State Partnership Initiative (SPI) Evaluation


We designed the State Partnership Initiative (SPI) to help Project States develop programs of employment support services for their residents with disabilities.


The SPI projects began in 1998 and ended in 2004.

SPI projects’ key activities were to (1) increase job opportunities; (2) decrease dependence on Social Security Disability Insurance (SSDI) and Supplemental Security Income (SSI) benefits; and (3) foster the development of community resources. We provided five-year funding to twelve States (California, Illinois, Iowa, Minnesota, New Hampshire, New Mexico, New York, North Carolina, Ohio, Oklahoma, Vermont, and Wisconsin) to develop innovative projects to assist individuals with disabilities in their efforts to reenter the workforce. These awards helped states design statewide programs of services and support for their residents with disabilities that increased job opportunities for them and decreased their dependence on benefits. California, Vermont, New York, and Wisconsin implemented SSI waivers to test alternative rules.

SPI interventions, which address the major areas of concern, fall into 3 corresponding categories: benefits planning and assistance services; direct employment supports; and increased health care. Most state projects targeted beneficiaries with severe mental illness, although many also targeted people with other disabilities. The interventions implemented by the 12 SPI projects targeted the service and policy gaps that were identified at the time that the projects began in 1998. All SPI projects provided benefits planning and assistance services; all SPI projects except North Carolina, Ohio and Oklahoma had Medicaid Waivers and Buy-ins; most SPI projects provided interventions involving One-Stop Centers, case management and placement assistance services; and relatively few State Projects provided other types of services such as mental health and developmental disabilities support and peer mentoring. SPI projects began prior to the Ticket to Work and Work Incentive Improvement Act of 1999 (Public Law 106-170), Benefits Planning, Assistance, and Outreach (BPAO), Medicaid Buy-In (Nine of the SPI states started buy-in programs by 2005) and Indexing of the Substantial Gainful Activity (SGA) Amount (1999). The initiatives described above created a dynamic environment that complicated the SPI evaluation. Although employment and training evaluations have long faced the challenge of accounting for local variation in service environments, introduction of these new initiatives took place during the SPI effort, and, in many cases, the new initiatives offered service interventions that the state projects also offered. They therefore affected the mix of services available to participants and potential comparison group members at the same time that the SPI state projects tried to deliver new services to participants. The SPI represented a unique collaboration among SSA, Rehabilitation Services Administration (RSA), the Department of Labor (DOL), and the Substance Abuse Mental Health Services Administration (SAMHSA), all working in conjunction with the Presidential Task Force on the Employment of Adults with Disabilities. Each SPI project submitted a final evaluation report. These final evaluation reports provided an update on system changes accomplished by the projects as well as presented outcome findings of the impacts of the interventions.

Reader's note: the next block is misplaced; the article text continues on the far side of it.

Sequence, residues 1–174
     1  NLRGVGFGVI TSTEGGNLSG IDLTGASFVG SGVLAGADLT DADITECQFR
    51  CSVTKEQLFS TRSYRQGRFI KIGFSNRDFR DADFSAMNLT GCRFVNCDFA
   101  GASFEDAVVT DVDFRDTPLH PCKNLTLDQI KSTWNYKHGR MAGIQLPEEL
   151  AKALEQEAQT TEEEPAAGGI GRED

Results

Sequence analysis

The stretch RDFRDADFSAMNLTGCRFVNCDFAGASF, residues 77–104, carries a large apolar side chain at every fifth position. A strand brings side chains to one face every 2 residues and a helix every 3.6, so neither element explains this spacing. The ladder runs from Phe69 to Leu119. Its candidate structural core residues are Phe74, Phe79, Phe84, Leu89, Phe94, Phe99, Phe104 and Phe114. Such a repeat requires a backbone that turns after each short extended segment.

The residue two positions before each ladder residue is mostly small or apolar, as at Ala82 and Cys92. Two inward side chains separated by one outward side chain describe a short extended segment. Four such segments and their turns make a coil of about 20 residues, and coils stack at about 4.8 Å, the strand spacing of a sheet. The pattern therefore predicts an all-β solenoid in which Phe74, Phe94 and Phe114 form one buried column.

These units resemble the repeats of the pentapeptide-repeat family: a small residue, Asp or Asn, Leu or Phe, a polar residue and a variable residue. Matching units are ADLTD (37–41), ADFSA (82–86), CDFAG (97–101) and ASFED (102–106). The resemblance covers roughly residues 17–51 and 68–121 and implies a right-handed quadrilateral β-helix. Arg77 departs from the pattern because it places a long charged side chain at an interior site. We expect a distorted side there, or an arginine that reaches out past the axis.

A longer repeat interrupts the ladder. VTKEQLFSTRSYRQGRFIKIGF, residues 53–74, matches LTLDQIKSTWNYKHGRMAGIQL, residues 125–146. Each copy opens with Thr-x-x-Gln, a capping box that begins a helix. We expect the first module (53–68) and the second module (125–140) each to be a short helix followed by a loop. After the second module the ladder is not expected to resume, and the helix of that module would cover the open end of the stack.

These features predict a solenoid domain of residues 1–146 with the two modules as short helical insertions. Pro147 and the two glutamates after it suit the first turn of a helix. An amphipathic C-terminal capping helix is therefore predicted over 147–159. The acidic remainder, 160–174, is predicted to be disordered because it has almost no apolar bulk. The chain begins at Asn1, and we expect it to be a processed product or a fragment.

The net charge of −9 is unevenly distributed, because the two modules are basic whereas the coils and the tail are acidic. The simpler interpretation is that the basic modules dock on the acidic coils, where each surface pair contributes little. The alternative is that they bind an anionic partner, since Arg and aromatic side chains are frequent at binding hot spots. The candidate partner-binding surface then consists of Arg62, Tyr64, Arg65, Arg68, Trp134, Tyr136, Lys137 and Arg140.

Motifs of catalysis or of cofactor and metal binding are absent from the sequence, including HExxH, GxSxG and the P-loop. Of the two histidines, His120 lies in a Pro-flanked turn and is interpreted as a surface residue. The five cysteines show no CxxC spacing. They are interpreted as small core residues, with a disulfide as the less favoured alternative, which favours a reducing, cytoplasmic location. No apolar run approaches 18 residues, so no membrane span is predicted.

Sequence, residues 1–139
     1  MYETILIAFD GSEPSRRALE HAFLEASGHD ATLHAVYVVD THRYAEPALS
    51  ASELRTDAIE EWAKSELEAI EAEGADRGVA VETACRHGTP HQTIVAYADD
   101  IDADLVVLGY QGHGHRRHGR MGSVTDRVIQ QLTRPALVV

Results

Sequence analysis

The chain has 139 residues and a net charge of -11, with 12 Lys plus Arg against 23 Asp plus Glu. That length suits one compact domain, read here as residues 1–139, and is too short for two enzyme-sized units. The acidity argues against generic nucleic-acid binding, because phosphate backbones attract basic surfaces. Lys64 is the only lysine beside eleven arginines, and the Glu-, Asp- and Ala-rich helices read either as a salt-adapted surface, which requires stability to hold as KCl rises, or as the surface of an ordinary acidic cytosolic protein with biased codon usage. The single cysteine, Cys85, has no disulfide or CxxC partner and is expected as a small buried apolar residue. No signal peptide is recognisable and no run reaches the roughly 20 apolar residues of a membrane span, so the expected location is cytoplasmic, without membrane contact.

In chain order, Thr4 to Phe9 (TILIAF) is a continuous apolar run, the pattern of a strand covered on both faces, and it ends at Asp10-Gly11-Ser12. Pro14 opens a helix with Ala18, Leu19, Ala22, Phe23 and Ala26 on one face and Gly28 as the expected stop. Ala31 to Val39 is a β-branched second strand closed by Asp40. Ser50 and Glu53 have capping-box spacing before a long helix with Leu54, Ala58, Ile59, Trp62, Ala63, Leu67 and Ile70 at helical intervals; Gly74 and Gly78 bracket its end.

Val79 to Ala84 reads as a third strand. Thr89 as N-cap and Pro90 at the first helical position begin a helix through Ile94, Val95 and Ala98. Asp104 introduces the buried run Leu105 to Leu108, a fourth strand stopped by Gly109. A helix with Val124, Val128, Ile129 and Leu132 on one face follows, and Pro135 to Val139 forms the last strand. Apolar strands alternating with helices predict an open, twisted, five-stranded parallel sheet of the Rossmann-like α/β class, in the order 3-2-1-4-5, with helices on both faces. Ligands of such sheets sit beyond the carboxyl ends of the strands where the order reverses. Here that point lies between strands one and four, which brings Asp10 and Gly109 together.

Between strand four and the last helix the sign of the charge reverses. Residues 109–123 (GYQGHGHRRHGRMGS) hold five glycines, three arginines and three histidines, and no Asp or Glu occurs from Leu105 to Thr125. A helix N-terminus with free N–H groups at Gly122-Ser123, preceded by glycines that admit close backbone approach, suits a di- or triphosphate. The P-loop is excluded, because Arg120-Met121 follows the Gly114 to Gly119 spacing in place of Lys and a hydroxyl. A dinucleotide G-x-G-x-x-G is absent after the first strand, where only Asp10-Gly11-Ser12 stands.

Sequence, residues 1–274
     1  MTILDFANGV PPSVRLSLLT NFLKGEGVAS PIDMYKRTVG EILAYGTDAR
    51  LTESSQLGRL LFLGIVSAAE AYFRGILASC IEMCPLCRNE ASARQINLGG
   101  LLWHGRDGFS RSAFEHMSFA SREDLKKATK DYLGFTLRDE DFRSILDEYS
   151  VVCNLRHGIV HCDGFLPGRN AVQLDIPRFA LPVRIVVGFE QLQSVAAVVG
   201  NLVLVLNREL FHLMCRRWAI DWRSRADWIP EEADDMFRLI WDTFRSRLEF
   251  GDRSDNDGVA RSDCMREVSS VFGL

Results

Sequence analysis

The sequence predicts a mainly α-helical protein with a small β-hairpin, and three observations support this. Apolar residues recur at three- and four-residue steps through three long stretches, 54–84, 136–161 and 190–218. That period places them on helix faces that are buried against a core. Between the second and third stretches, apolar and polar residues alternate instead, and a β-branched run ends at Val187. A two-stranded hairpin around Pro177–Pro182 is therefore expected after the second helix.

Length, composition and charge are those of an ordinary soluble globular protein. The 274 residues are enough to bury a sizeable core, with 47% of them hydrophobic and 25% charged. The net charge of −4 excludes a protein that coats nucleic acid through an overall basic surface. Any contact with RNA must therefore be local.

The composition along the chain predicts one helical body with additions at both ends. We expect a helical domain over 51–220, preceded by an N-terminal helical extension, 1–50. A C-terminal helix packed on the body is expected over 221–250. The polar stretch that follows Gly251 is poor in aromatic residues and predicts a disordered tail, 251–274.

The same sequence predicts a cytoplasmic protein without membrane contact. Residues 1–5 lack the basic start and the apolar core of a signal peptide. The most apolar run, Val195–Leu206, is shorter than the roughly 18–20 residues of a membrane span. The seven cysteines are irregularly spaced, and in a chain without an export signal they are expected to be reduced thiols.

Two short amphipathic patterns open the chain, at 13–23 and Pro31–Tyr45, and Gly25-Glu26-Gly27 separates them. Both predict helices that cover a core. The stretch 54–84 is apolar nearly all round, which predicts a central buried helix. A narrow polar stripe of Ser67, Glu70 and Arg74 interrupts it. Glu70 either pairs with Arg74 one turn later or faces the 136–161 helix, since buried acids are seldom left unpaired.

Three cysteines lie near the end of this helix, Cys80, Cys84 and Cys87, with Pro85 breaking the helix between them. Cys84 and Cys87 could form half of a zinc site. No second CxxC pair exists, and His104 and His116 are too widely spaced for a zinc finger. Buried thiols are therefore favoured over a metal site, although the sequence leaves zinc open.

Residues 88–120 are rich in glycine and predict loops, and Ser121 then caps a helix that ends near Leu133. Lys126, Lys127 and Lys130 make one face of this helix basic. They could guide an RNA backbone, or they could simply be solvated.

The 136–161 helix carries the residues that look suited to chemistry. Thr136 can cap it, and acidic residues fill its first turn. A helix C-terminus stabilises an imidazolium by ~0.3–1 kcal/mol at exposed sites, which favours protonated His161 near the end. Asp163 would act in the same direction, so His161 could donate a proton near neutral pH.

Not applicable at this time.

Not applicable at this time.